This is How I’d Love You
by Hazel Woods
Published August 26, 2014
Genre: historical romance
As the Great War rages, an independent young woman struggles to sustain love—and life—through the power of words.
It’s 1917 and America is on the brink of World War I. After Hensley Dench’s father is forced to resign from the New York Times for his anti-war writings, she finds herself expelled from the life she loves and the future she thought she would have. Instead, Hensley is transplanted to New Mexico, where her father has taken a job overseeing a gold mine. Driven by loneliness, Hensley hijacks her father’s correspondence with Charles Reid, a young American medic with whom her father plays chess via post. Hensley secretly begins her own exchange with Charles, but looming tragedy threatens them both, and—when everything turns against them—will their words be enough to beat the odds?
There’s just something about an epistolary novel–is it the sense of voyeurism, seeing something that’s supposed to be private?–I’m not sure. What I do know is that I love reading books that use letters, diary entries, texts, emails, and other personal documents to tell a significant part (or even all of) a story. This is How I’d Love You probably doesn’t strictly qualify for the genre, but the letters exchanged by Hensley Dench and Charles Reid do play a crucial role in the story, besides being a joy to read.
The Great War (AKA the First World War) has been going on for a while, but America has just officially entered the war effort as the novel begins. (Reading anything of this time period always makes me think of Rilla of Ingleside and Susan’s constant, biting criticism of President Wilson’s hesitance to enter the war. It’s a part of that book that has always stuck with me, including her response to his finally asking Congress for a declaration of war–“The United States has declared war at last, as I always believed they would, in spite of Woodrow’s gift for letter writing, and you will see they will go into it with a vim since I understand that is their habit, when they do start.” Gotta love Susan!) See? Letter writing–it’s everywhere! 😉 Charles Reid has joined the war effort, as we see in the first chapter. Long dreaming of becoming a doctor, he’s going to be a part of the aforementioned “vim”, serving as a medic. A chess player, he answered an advertisement before heading overseas that offered to match soldiers up with civilian pen pals. He requests a chess player, in hopes that a long distance match will do him good while overseas.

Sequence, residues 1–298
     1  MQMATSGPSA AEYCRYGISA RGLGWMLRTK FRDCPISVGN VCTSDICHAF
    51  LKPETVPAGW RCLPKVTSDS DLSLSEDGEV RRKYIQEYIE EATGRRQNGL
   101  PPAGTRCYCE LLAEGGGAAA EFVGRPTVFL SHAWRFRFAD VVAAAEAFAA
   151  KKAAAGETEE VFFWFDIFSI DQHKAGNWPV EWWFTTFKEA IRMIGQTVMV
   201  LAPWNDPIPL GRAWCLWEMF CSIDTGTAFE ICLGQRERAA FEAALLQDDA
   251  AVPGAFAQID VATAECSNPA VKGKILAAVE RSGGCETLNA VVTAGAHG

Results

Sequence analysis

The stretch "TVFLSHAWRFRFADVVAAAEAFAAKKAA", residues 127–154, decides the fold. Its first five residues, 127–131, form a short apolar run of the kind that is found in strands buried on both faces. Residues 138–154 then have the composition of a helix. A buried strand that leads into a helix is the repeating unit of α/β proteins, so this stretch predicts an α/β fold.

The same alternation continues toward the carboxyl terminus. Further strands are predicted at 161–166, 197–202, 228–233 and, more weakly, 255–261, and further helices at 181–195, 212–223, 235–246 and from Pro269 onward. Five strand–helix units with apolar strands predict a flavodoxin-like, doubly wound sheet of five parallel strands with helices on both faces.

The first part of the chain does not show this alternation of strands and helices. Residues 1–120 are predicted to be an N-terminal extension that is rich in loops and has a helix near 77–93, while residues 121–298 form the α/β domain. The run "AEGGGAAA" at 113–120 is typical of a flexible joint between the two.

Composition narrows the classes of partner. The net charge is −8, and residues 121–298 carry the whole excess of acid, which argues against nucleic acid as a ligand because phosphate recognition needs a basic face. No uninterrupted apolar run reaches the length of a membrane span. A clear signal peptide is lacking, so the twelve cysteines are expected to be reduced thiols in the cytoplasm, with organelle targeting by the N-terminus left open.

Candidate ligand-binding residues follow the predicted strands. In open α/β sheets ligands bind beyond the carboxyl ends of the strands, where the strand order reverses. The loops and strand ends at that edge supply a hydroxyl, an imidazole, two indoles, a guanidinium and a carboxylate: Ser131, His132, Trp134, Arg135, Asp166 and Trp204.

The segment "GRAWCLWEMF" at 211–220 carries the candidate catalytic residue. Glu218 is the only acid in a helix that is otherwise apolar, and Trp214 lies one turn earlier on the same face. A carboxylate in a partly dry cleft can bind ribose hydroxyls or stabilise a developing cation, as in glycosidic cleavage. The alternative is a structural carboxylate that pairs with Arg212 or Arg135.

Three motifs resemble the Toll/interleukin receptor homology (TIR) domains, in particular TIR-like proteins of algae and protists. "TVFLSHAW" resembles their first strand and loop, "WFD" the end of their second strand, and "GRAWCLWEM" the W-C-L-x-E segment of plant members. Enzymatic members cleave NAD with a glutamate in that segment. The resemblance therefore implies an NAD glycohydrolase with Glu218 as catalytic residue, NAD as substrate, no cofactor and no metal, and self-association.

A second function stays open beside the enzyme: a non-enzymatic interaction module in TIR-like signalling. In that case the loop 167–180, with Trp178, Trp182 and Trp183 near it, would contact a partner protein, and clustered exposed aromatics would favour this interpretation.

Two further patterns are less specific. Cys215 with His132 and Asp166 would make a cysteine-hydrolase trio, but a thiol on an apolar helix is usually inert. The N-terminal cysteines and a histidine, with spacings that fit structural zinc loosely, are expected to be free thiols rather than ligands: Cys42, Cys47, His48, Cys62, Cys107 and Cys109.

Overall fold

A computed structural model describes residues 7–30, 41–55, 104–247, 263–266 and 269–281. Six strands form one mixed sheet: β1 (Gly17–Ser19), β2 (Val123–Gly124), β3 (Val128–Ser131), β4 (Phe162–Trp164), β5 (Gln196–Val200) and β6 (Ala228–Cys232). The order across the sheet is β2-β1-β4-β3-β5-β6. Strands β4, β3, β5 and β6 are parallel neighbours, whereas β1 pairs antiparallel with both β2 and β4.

He doesn’t expect to get Sasha Dench, an journalist who has lost his position because he refused to tone down his pacifist editorials. Dench’s very first letter to Charles labels him and his fellow soliders as “daft” or “tragically misinformed” in addition to imparting the older man’s first chess move–not exactly the uplifting correspondence Charles was hoping for.
Until Hensely decides to hijack her father’s letters, adding her own words of encouragement.
Soon the two are corresponding on their own, and their letters are truly moving. Both gain comfort from the others’ words in a way that they hadn’t anticipated, and I was looking forward to each letter at least as much as the characters were. In between mailings, life goes on for them both–war is even worse than Charles had expected, and it’s not going to leave him unaltered physically or mentally. Hensley has a secret that she keeps to herself as long as she can, but it’s not one she can hide forever and it’s going to have lasting consequences. Neither one will come out unscathed–but will they be able to find a life together on the other side?
This book made my weekend–thank goodness I didn’t have anything pressing to do, as it was nearly impossible to put down once I’d started! Admittedly there are parts when the pacing is a tad off and a bit too much is put into unnecessary descriptions at times, but neither of these factors detracted from my enjoyment at all. The third-person, present tense POV took a bit of adjustment to read–I’m not a huge fan, but eventually I stopped noticing it. Again, it was only a minor deterrent.
Overall I adored the story that was being told, and will definitely be looking for more from this author.
Rating: 4 1/2 stars / A
I received a complimentary copy in exchange for an honest review.